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Civil Commitment and the Mentally Ill

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Insanity is defined as “The principal legal doctrine permitting consideration of mental abnormality in assessing criminal liability. Those acquitted of criminal charges as Not Guilty by Reason of Insanity are typically required to spend an indeterminate period of treatment in a secure mental health facility until they are no longer dangerous to self or others”.(Greene & Heilbrun). Each state carries its own statutes on how to deal with the insanity defense. In the state of California the follow the M’Naghten rule.
The M’Naghten rule was established in 1843 after an Englishman by the name of Daniel M’Naghten murdered the secretary of the British prime minister. M’Naghten suffered from delusions that made him believe that he was being stalked and plotted against. He was charged with murder and plead not guilty by reason of insanity. He got off under his insanity plea, but ended up in a mental institution for the remainder of his life. This infuriated some people so Queen Victoria imposed the M’Naghten rule as a stricter guideline (or test) for the insanity defense. This rule implies that a person that commits a crime did not understand the difference between right and wrong at the time the crime had taken place. It must be proved by the defense that the person on trial has some sort of “disease of the mind” that would cause them to commit the crimes they have. It excuses the behavior that took place in the event that insanity can be proved.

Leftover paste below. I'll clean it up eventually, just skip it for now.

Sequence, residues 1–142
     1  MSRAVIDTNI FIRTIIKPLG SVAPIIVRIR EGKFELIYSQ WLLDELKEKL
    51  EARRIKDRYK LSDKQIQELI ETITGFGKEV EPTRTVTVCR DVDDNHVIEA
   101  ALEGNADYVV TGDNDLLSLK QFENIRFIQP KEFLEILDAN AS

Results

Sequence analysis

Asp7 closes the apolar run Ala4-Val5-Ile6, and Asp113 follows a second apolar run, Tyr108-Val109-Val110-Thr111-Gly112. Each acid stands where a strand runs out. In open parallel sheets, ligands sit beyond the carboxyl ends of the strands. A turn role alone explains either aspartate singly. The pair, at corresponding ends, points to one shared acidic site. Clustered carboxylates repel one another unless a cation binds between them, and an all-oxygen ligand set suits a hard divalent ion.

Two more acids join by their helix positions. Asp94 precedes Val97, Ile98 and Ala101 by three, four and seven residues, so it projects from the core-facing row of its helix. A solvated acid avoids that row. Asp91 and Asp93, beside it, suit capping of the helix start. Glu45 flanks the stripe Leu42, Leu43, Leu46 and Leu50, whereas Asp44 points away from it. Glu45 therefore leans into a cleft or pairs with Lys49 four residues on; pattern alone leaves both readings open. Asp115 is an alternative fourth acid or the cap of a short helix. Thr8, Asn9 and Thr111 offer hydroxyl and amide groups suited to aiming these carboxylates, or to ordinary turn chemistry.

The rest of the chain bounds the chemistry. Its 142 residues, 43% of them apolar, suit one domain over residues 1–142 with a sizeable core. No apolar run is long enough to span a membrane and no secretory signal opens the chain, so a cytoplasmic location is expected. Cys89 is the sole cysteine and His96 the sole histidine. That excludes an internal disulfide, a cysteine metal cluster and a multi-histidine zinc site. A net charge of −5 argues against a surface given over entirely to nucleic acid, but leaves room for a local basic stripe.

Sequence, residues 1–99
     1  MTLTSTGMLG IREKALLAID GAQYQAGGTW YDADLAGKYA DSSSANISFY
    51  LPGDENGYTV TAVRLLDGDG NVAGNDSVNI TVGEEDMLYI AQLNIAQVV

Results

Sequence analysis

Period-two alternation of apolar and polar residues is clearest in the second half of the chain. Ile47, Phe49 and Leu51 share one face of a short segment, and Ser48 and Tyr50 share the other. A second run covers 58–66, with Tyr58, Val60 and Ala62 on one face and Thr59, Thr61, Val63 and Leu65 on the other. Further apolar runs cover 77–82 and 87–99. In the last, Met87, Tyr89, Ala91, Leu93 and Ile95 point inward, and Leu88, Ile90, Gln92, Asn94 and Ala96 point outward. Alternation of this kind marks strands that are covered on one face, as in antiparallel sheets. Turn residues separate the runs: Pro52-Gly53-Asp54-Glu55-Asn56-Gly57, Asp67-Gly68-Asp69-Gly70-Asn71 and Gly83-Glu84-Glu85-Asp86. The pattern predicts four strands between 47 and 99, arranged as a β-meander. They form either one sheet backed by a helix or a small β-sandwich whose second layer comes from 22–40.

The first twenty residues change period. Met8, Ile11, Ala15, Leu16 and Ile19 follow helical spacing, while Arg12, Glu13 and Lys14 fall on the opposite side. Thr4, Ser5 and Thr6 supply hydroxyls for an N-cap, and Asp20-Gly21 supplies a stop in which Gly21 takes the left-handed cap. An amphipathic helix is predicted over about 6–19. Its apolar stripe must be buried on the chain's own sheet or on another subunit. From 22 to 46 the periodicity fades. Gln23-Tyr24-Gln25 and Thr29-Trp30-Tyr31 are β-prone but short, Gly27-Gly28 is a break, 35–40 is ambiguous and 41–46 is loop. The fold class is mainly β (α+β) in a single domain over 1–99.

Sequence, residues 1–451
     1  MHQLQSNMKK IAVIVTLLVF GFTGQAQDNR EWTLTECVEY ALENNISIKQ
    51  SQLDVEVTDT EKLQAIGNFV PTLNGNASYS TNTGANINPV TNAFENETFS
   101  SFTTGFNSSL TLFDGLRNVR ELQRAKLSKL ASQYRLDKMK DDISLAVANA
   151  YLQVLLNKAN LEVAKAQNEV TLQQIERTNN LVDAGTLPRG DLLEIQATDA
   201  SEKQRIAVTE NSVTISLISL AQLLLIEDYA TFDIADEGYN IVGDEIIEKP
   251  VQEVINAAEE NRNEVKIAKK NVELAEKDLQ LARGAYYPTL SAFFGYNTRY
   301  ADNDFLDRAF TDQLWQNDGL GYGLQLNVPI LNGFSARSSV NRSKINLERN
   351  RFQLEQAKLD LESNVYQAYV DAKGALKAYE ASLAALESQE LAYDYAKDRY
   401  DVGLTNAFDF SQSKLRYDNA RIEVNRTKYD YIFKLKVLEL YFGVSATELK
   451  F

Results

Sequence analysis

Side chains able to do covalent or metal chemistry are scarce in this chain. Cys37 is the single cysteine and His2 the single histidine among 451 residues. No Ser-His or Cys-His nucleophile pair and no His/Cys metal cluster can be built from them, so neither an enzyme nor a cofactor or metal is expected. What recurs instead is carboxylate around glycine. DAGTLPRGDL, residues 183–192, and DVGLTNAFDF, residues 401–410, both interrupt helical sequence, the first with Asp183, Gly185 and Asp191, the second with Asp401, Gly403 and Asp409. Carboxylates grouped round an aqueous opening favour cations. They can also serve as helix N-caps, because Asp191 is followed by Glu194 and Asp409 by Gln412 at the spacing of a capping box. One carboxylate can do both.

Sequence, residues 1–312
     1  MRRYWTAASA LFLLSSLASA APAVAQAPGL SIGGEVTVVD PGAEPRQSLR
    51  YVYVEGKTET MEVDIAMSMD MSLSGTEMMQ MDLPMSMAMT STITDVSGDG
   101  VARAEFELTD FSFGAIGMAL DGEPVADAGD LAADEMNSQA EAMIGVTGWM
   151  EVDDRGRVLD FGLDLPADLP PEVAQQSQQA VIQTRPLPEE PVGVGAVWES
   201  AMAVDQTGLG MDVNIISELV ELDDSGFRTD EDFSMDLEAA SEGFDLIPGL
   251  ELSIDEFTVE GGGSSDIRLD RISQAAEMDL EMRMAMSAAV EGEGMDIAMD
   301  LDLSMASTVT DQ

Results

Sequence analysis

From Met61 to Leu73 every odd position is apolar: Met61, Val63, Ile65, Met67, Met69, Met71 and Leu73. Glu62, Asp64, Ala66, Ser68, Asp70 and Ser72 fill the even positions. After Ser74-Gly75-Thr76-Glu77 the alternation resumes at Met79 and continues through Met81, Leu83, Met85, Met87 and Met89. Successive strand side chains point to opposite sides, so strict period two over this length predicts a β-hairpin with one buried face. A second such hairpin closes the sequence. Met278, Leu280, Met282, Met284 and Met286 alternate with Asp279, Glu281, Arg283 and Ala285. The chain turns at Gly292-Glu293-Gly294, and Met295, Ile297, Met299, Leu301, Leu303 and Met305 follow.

Because the M’Naghten rule is still somewhat vague California also uses the Model Penal Code. This code states that “an individual is not liable for criminal offenses if, when he or she committed the crime or crimes, the individual suffered from a mental disease or defect that resulted in the individual lacking the substantial capacity to appreciate the wrongfulness of his or her actions or to conform his or her actions to requirements under the law” (Cornell University Law School, 2013).
The insanity defense is used mainly when facing serious charges (i.e. murder, violent offences etc…). It is normally thought that the insanity defense is used often, but because it is extremely difficult to prove it “used in only about 1% of cases in the U.S.” (Schouten & Silver, 2012). The success rate is “only a fraction of the 1%” (Frontline,2013).
Some of the major criticisms that arise with the insanity defense are: the inability to test accurately and release of violent offenders into society after acquittal. Insanity as stated before has to be proven, unfortunately there aren’t any tests that can be performed to state that an offender was actually mentally incapable of understanding his or her actions. The only real way to actually determine this is to study the behavior of this person before and after the crime. When it comes to the acquittal of an offender who has gotten off on the not guilty by reason of insanity plea (NGRI) many believe they are not held responsible for their actions. They are released (sometimes) back into society where they may or may not commit another violent crime.